Chemistry in its element: compounds
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John Mann turns on and tunes in to discover the mind-bending effects of lysergic acid diethylamide
Introducing Chemistry in its element series two: distilling the compounds that count. Each week a leading scientist or author tells the story behind a different compound
Chemistry in its element - LSD
Distilling the compounds that count, you're listening to Chemistry in its element brought to you by Chemistry World magazine
This week we're getting psychedelic, and already seeing things, here's John Mann:
Just imagine if you experienced hallucinations that appeared as a kaleidoscope of fantastic images - circles and spirals exploding in coloured fountains - but then the woman next door appeared suddenly as a malevolent, insidious witch in a coloured mask. Such was the experience of the Swiss chemist Albert Hofmann in 1943 when he synthesised LSD and then tried a small amount.
He would have been less surprised if he had known that the Aztec magical preparation, ololiuqui, which they made from seeds of the Christmas vine, Rivea corymbosa, contained structurally similar chemical compounds. Hofmann subsequently isolated and established the structures of these putative hallucinogens and even experimented with them himself - proving that they did indeed induce hallucinations.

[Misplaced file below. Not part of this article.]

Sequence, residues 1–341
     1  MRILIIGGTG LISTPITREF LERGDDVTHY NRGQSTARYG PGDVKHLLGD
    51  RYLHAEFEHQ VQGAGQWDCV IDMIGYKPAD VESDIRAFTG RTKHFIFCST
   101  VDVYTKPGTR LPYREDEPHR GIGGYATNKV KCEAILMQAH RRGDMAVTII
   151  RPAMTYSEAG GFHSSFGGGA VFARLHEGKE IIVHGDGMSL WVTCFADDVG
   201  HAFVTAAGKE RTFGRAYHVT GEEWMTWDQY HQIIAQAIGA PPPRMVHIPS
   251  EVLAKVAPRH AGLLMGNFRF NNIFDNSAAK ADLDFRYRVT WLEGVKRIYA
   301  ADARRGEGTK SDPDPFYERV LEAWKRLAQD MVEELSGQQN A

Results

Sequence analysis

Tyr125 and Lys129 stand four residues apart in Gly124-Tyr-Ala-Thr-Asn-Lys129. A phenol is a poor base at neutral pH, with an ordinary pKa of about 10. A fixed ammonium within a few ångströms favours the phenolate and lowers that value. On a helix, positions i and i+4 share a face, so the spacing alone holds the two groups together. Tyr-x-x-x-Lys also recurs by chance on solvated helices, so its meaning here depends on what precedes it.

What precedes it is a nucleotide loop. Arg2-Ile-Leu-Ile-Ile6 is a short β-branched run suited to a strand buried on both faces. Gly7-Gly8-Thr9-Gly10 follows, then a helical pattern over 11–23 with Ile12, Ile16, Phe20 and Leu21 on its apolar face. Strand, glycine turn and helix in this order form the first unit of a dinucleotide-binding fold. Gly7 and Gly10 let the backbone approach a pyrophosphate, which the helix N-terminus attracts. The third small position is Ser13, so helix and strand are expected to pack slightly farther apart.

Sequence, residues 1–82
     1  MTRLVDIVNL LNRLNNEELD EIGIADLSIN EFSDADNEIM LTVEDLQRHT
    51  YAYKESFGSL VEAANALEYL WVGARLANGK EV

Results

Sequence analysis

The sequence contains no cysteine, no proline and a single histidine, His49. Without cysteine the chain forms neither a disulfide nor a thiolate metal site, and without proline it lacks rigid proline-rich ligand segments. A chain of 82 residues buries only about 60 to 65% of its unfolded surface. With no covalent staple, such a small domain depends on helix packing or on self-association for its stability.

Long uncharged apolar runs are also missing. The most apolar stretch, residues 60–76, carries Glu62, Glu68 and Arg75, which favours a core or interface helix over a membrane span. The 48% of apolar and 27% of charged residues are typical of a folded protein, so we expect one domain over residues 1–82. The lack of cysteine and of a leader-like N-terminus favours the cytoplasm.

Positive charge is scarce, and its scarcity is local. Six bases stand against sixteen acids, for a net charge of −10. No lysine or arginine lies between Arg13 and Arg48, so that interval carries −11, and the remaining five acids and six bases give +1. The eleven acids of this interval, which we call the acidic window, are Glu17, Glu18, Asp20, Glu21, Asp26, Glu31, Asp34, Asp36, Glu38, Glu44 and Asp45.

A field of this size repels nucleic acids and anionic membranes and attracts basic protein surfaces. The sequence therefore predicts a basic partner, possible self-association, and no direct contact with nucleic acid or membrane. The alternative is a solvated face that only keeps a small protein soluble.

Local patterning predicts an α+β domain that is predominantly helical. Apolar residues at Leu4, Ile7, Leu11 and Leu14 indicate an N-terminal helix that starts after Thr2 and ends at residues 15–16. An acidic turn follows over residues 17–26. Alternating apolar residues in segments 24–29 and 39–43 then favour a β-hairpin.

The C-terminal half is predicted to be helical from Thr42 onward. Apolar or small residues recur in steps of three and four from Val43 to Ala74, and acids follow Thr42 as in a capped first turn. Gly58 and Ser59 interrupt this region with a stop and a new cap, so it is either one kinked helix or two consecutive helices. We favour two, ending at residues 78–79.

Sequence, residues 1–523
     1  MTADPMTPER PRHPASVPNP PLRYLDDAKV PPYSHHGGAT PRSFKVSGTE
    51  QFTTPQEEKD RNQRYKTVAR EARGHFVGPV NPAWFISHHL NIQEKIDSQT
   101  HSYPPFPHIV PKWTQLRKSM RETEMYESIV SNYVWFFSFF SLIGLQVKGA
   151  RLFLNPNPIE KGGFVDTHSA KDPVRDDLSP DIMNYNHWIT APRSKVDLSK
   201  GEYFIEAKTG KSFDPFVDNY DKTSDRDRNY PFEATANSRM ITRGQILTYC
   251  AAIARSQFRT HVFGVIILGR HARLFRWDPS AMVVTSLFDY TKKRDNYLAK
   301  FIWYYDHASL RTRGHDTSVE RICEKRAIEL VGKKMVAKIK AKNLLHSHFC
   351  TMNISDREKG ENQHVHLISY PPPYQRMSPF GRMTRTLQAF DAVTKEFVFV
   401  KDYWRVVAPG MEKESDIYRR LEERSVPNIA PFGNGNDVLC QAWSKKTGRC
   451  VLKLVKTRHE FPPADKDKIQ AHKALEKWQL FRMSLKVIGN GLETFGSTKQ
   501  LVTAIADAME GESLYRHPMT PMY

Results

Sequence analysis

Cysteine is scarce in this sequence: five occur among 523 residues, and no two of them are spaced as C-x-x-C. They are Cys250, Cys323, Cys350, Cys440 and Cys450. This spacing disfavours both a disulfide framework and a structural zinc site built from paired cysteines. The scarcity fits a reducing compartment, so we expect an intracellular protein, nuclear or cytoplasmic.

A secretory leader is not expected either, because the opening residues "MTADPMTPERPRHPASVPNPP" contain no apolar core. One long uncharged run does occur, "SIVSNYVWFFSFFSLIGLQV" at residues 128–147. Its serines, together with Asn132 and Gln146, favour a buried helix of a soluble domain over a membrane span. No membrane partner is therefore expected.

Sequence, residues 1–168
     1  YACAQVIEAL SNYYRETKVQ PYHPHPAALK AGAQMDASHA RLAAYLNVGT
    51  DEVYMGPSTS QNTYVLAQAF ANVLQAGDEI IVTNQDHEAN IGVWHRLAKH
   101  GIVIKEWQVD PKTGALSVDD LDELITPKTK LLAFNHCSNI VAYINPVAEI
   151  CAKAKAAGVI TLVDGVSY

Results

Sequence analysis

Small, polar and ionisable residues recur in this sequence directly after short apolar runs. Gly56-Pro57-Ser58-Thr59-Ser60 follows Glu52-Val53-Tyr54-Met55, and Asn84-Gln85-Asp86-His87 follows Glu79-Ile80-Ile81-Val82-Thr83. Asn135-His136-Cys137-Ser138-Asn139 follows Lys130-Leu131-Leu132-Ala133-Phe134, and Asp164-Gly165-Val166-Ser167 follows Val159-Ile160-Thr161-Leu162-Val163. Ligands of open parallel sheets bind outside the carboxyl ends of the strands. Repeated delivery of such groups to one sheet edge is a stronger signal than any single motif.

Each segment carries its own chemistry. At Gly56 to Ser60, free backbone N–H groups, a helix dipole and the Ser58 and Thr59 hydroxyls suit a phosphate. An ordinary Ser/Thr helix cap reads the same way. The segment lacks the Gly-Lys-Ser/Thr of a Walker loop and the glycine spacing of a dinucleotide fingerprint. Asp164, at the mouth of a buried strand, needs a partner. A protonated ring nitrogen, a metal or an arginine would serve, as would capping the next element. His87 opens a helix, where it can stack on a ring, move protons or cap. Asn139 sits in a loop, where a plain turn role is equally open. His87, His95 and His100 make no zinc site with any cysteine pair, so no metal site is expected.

But why did he prepare LSD in the first place? The Swiss chemical company Sandoz, for whom Hofmann was working, were investigating alkaloids from the ergot fungus. This grows on rye and other cereals and in the Middle Ages had led to plagues of ergotism when people ate bread contaminated with the fungus. The alkaloids cause a range of symptoms including nausea, convulsions, and in severe cases blackened limbs due to gangrene - hence the alternative name Holy Fire for the condition. Many thousands died, especially in France and Germany, during outbreaks of ergotism.
Sandoz was interested in the vasoconstrictive (that is blood vessel narrowing) properties of the two major alkaloids present in the fungus - ergotamine and ergometrine. These became useful drugs for treating postpartum haemorrhage - excessive bleeding after giving birth - since they have a potent constrictive effect on blood vessels of the uterus.